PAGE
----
A huge new desalination plant dedicated this week is planned to help end Israel's constant worry for enough water for farms, factories and homes. "Water, water everywhere and more to drink" may be a new phrase for Israel as the new plant begins to pump 10% of Israel's water needs.
The facility on the Mediterranean Coast at Hadera, located between Haifa and Tel Aviv, is the largest of its kind in the world and the third largest in Israel. Two more plants are on the drawing boards, with all five of them projected to provide two-thirds of the nation's water.
The desalinated water will be cheaper than the cost of pumping from the Kinneret (Sea of Galilee) to the national water carrier, according to Teddy Golan, CEO of the IDE Technologies group that built the 1.5 billion shekel ($400 million) desalination plant.
President Shimon Peres was on hand and raised a cup of water to toast the new project. If all goes according to plan, the Kinneret will return to flood levels in several years after all of the desalination plants come on line. The desalinated water from the Mediterranean also will allow the dams to the Kinneret to be opened and help replenish the drying Jordan River and the rapidly depleting Dead Sea.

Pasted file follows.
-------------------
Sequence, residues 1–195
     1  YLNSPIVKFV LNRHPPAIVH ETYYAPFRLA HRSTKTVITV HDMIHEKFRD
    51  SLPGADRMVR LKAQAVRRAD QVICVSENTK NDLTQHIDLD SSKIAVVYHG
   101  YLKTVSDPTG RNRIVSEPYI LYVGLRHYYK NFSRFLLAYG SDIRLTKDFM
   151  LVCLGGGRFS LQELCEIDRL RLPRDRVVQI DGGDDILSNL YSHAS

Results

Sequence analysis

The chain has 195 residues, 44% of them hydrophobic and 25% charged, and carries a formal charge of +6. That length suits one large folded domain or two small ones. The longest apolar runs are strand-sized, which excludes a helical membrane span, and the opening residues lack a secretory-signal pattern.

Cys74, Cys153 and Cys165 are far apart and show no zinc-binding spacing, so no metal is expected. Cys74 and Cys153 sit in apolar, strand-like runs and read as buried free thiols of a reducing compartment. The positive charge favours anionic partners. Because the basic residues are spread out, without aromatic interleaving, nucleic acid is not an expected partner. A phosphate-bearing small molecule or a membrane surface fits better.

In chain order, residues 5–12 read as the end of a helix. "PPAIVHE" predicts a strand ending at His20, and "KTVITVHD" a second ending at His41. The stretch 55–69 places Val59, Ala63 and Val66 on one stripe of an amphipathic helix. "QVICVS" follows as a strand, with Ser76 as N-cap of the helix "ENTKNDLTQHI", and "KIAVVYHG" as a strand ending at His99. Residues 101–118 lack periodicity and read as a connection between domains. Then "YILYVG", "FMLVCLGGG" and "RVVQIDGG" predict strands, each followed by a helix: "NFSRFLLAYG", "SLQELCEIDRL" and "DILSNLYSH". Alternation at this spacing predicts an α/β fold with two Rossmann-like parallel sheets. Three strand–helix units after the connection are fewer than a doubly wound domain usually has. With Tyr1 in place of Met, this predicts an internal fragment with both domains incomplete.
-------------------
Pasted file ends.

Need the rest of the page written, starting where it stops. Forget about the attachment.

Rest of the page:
The Hadera plant uses reverse osmosis technology, which means the sea water does not have to be heated, as is done in larger plants in the world that are less environmentally friendly. The entire process of desalinating the water takes 35 minutes from the time it enters pipelines in the sea.
The mammoth plant covers more than 18 acres and actually is two facilities that can operate independently from each other. Together, they can provide 127 cubic million litres, or 33 million gallons a year.